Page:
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See detailL'algorithme ALERT. Pourquoi, qui, comment, quand?
cardos, B; STIPULANTE, Samuel ULg; DELFOSSE, Anne-sophie ULg et al

in Revue Médicale de Liège (2014), 69(synthèse 2014), 19-24

La réanimation guidée par téléphone consiste à guider le témoin d'un arrêt cardiaque, formé ou non à la réanimation cardio-pulmonaire, en lui donnant des consignes standardisées par téléphone. Ces ... [more ▼]

La réanimation guidée par téléphone consiste à guider le témoin d'un arrêt cardiaque, formé ou non à la réanimation cardio-pulmonaire, en lui donnant des consignes standardisées par téléphone. Ces instructions lui permettent de vérifier l'état de conscience de la victime, de dégager ses voies aériennes, d'apprécier la présence d'une respiration efficace et de mettre en train des compressions thoraciques en cas d'état de mort apparente. L'Algorithme Liégeois d'Encadrement à la Réanimation par Téléphone (ALERT) est un protocole original permettant aux dispatchers 112 de notre pays d'encadrer l'appelant durant la fenêtre de temps qui débute avec l'appel à l'aide pour se terminer à l'arrivée des équipes de secours spécialisés sur place. Son emploi est associé à un accroissement significatif de la fréquence et de la qualité des gestes de réanimation mis en train par le témoin permettant d'accroître les chances de survie de la victime d'un arrêt cardio-respiratoire extra-hospitalier (ACREH) [less ▲]

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See detailEvaluating the psychological impact of practice dispatch-assisted cardiopulmonary instructions using the ALERT protocol: preliminary results in Liege dispatching centre.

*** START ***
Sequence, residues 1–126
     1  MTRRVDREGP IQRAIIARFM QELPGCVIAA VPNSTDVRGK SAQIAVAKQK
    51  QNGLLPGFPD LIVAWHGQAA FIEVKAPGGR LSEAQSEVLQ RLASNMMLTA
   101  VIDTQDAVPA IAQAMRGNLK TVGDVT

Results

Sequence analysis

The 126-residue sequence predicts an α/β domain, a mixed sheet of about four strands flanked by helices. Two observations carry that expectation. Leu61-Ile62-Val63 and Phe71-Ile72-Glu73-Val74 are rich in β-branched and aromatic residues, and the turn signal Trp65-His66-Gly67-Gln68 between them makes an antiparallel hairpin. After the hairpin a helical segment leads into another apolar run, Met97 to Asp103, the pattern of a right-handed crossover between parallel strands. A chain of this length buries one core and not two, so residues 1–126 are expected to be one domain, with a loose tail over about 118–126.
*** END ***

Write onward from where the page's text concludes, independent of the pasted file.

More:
Hirtz, Elodie; Ghuysen, Alexandre ULg; STIPULANTE, Samuel ULg et al

Poster (2013, July)

ABSTRACT Background. The ALERT algorithm, an effective compression-only phone cardiopulmonary resuscitation (CPR) protocol has the potential to help bystanders initiate CPR. This study evaluates the ... [more ▼]

ABSTRACT Background. The ALERT algorithm, an effective compression-only phone cardiopulmonary resuscitation (CPR) protocol has the potential to help bystanders initiate CPR. This study evaluates the psychological impact of the CPR’s practice on untrained persons (UP). Methods. This is a quasi experimental longitudinal study (n = 153). We used: demographics data, CPR’ emotional characteristics; the Peritraumatic Dissociative Experiences Questionnaire ; the Way of Coping Check List and the Impact of Event Scale. Findings. Two psychological profiles: UP at high risk to develop a post traumatic disorder (higher average scores ; high emotional distress during the CPR) versus UP at low risk. Discussion. These preliminary results highlight the importance of identifying the psychological profile of the UP. For a CPR, UP at high risk should be treated differently: first, take the time to reduce emotional distress and then only talk about the CPR. This step could reduce the risk for PTSD [less ▲]

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See detailProtocol ALERT : Congress European Emergency Number Association
Stipulante, Samuel ULg

Conference (2013, April 18)

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See detailDirections Médicales 112 et projet Phone CPR
Stipulante, Samuel ULg

Conference (2012, February 28)